- McGeough: Defeat for a political chameleon
- O'Malley: Ruthless campaign gets Obama home
- List: How each state voted
- Analysis: Result a relief for Australia
6.55pm: Today, Barack Obama secured his second term in the White House.
New York Times photographer Doug Mills captures the moment.
Here's how the day unfolded.
6.46pm: Now, an enormous day does not happen without help and support.
Thanks firstly to Nick O'Malley and Paul McGeough, our brilliant correspondents in the US.
To our special Pulse contributors: Kath Cummins in Washington, Mary Cunnane in NYC, Andrew Leigh and Josh Frydenberg, our lovely pollies, pollster Mark Textor who worked his contacts and gave us the confidence of early calls.
In Sydney, lots of good folks, but most particularly Conal Hanna. In Melbourne, lots of good folks, but most particularly Orietta Guerrera. Thanks to the video teams, and Carlos Monterio.
In Canberra, my colleagues, particularly Damien Bright, Gabe Hooton and Chris Hammer.
The Pulse Live cannot happen without Andrew Meares. In every sense, this is a joint project, as our regular readers know.
And to our readers. What champions you are, with us in record numbers today. We salute you, one and all.
6.44pm: In Florida, President Obama is up 62,430 votes - out of 8 million or so ballots.
6.41pm: Ok, wrapping now.
Here's how the electoral map looks at close of business.
Red states. Blue states.
Florida and Alaska are yet to be formally called, and Nevada is very close.
But our colour coding here (including the light blue shade for Florida) reflects what we believe will be the outcome when day is done.
6.18pm: You can review Governor Romney's concession speech below.
6.07pm: We take care of our own.
That's the Springsteen tune.
5.57pm: I have never been more hopeful, Mr Obama says.
Never more hopeful.
As long as we have the courage, to keep reaching, to keep working, keep fighting. Everyone can make it in America. Black, white, Hispanic, Asian, Native American, young, old, rich, poor, gay, straight, diasbled, abled. You can make it here in America.
We are not as divided as our politics suggest.
We are not as cynical as the pundits say.
The applause drowns out his final stanzas. Ticker tape is falling from the skies.
Bruce Springsteen is warbling on the loud speakers.
The Obamas are back in the White House.
5.47pm: Arguments are a mark of our liberty, President Obama says.
Arguments matter. Politics matter. It is not a clash of egos. It is a battle of ideas.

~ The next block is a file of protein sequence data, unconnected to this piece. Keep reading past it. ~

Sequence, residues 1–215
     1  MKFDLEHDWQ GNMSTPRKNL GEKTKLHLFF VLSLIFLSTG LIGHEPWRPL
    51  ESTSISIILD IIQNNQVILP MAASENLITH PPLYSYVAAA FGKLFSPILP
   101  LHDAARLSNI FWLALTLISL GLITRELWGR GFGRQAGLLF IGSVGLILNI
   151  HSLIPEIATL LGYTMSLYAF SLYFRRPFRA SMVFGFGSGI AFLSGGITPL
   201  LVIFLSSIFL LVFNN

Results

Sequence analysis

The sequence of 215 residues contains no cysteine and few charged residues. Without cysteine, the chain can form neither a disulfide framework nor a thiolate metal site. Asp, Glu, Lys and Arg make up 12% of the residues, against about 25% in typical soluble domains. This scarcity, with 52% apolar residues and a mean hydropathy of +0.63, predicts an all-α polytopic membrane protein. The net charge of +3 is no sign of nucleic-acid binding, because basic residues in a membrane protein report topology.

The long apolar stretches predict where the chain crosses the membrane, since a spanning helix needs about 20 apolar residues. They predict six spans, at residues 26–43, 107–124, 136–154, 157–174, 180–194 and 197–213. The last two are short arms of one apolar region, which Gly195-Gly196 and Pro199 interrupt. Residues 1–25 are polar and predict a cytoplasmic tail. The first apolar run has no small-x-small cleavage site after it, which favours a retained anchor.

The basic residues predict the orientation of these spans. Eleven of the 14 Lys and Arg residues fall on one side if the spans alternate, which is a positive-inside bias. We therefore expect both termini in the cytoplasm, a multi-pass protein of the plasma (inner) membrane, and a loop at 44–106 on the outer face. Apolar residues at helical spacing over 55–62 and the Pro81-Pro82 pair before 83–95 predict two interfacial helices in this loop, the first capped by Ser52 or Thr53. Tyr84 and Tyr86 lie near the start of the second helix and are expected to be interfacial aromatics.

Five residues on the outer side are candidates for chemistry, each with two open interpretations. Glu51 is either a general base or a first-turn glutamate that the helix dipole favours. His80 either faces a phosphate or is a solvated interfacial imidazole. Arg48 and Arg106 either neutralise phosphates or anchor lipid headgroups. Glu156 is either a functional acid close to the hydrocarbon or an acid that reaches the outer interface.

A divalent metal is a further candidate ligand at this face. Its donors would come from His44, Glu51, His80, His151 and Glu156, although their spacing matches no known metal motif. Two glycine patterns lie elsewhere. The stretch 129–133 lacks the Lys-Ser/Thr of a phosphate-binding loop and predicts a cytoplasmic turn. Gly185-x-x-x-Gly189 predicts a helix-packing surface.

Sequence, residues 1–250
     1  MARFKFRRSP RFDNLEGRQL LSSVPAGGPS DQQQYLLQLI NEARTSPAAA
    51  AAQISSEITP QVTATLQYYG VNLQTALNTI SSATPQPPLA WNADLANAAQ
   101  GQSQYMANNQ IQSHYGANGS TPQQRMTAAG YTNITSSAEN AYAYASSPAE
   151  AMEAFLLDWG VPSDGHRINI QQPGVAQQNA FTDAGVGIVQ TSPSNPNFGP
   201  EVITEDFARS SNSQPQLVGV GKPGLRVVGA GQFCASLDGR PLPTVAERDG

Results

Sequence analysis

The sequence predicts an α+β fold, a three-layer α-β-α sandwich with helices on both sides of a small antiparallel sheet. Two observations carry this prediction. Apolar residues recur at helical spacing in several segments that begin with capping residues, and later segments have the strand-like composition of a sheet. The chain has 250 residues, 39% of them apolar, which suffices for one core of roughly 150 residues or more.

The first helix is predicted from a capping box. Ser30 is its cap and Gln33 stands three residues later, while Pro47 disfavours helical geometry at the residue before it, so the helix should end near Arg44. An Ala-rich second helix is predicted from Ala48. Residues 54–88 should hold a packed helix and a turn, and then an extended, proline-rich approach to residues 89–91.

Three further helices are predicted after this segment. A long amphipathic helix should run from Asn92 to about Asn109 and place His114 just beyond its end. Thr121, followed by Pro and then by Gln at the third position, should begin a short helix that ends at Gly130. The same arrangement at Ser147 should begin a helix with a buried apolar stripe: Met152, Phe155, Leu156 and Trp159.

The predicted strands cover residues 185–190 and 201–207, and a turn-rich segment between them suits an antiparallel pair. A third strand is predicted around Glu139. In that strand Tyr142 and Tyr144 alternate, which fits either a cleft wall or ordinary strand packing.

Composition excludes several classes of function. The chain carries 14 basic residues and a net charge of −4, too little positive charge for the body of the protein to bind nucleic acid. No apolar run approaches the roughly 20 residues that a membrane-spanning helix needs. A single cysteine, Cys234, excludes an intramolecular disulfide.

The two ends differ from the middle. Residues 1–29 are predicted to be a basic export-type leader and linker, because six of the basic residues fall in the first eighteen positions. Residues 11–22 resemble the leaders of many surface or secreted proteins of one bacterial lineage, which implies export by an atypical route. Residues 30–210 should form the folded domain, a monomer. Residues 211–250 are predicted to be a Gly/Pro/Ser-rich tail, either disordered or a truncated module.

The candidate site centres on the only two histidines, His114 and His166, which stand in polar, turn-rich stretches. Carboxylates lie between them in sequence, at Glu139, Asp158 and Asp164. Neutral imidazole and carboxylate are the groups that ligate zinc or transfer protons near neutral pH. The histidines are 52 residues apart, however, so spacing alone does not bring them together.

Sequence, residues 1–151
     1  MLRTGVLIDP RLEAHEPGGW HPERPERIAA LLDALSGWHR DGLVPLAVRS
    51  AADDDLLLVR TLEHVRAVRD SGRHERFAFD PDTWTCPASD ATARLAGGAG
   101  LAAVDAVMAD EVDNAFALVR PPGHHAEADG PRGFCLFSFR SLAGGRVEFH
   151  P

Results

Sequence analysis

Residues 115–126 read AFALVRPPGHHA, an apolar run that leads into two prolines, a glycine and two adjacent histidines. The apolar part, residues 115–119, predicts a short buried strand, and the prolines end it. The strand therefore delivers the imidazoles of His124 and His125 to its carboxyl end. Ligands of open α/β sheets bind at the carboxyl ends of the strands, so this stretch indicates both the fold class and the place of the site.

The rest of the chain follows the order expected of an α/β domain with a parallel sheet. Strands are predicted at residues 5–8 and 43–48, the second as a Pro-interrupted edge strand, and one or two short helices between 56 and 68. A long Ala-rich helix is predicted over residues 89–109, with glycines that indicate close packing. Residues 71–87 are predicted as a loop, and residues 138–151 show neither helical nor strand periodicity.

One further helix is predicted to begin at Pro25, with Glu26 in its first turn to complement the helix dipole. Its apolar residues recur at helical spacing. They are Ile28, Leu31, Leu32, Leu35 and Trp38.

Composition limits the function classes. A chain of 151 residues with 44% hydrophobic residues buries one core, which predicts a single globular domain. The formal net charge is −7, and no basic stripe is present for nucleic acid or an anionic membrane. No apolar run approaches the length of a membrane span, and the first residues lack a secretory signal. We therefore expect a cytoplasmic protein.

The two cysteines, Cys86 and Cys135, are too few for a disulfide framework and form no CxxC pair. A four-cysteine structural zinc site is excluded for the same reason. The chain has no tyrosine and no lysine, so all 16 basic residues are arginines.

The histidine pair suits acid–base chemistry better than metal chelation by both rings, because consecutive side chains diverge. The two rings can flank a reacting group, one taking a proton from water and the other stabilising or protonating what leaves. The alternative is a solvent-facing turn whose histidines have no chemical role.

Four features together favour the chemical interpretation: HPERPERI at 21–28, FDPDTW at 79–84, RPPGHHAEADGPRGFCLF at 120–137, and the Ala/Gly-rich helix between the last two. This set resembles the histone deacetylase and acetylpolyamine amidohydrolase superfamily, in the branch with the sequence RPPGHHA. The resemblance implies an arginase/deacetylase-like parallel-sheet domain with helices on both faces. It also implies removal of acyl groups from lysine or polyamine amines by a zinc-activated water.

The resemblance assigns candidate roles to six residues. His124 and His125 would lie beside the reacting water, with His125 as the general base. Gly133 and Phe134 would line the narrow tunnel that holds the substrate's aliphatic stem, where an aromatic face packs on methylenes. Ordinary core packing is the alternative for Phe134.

We believe in a generous America, in a compassionate America, in a tolerant America.
That's where we need to go. Forward. To equality and opportunity, he suggests.
Progress will come in fits and starts. It is not always a straight line. It is not always a smooth path.
He says the country needs to look to compromise and go together. War is ending, the economy turning.
This next term will be about seeking the middle.
Whether I earned your vote or not, I have learned from you. I will return to the White House more determined and inspired than ever. Tonight, you voted for action, not politics as usual.
Freedom comes with rights and responsibilities. Love. Compassion. Duty. Patriotism.
5.39pm: America moves forward, says Mr Obama.
It moves forward because of you. We are an American family and we rise or fall together as one nation, and one people.
President Obama says the country has been through tough times. It has picked itself up, and the best days are yet to come. He thanks those who voted today.
You made your voice heard and you made a difference.
In the weeks ahead, I look forward to sitting down with Governor Romney and working out how we can move the country forward.
I wouldn't be the man I am today without the woman who agreed to marry me twenty years ago. Michelle I never loved you more.
Mr Obama thanks his two girls, but informs them that for now, one dog is probably enough.
He's thanking his campaign team. All of your are family.
Thank you for believing all the way. You lifted me up the whole way, and I will always be grateful.
5.37pm: People outside The Pulse Live cave may or may not be dancing to Stevie Wonder at this moment.
Four more years.
Four more years, says the crowd.
5.36pm: Here is President Barack Obama, to the backing vocal of Signed Sealed Delivered, I'm Yours.
Chicago is going nuts.
5.31pm: Special Pulse Live contributor Kath Cummins, making sense of an extraordinary day in Washington.